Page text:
The government’s project to support phase II of the Implementation of the Social Accountability Framework (ISAF) for a period of five years was launched on February 18 with officials saying that there were many areas in need of reforms at the sub-national level even though provision of public services has been improving.
The official launching ceremony took place at the Raffles Hotel Le Royal in Phnom Penh, and it was attended by numerous government officials and representatives of development partners and civil society organizations, with a total of approximately 150 participants.
The project is financed by the Service Delivery Trust Fund which is administered by the World Bank and supported by the governments of Germany and Switzerland, with funding of approximately $9.6 million to improve government services.
Ngy Chanpal, secretary of state at the Ministry of Interior and Chairman of National Committee for Sub-National Democratic Development (NCDD), said that the implementation of phase I from 2016 to 2018 covered 98 target districts in 18 provinces and impacted three sectors: commune administration, primary schools and health facilities.
Chanpal said that the plan achieved good results and that the experience they had gained while implementing it brought to their attention other priority sectors that provide essential services to people which also require reform.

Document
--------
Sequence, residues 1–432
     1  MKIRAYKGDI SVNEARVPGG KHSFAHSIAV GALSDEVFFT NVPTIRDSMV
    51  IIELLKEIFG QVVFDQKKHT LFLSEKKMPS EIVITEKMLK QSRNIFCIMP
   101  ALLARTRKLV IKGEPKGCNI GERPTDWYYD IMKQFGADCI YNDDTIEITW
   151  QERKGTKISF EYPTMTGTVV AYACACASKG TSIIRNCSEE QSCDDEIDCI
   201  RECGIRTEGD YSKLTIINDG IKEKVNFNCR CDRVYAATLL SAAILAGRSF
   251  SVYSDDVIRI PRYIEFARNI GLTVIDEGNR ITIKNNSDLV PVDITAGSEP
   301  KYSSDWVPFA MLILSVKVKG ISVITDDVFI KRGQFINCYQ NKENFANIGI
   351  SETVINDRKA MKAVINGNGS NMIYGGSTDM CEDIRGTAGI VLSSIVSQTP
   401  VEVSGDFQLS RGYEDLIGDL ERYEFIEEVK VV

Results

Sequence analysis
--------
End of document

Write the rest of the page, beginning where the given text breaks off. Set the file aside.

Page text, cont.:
“We all need to work harder to reform the framework. I’m not saying that we have everything figured out and that as soon as we implement our plans that every problem will instantly be solved. But we are gradually improving how we do things through experience even though these experiences are sometimes difficult,” Chanpal said.
“This time, we are undertaking bigger reforms by expanding into important sectors related to environmental issues, clean water, hygiene and waste disposal,” he said.
Chanpal said that having learned many lessons from the implementation of social accountability measures in phase I, the NCDD is now ready to cooperate with development partners to expand these social accountability measures to 170 target towns, districts and communes in Phnom Penh and 23 provinces.
Chanpal explained that they were focusing on nearly 1,500 entities that provide administration services and more than 7,000 primary schools and health centres across the country.
Daniel Selvanayagam, National Director for World Vision International Cambodia, reiterated that the project’s goal was to connect people to improved public services that operated with social accountability.
“We are all honoured to be entrusted with the task of promoting local dialogue between people and service providers, as well as local authorities in all communes in the country until 2024... it will be of benefit to millions of people, especially vulnerable people, who will have better access to excellent services,” he said.
According to the NCDD’s report, phase II of the government’s five-year social accountability implementation plan is expected to cost about $32 million.
Of that $32 million, about $12 million will be spent on supplies and about $18 million will be spent on other necessities.
Approximately $2 million more in funds will be used for administration and operations for the Public Administration Fund.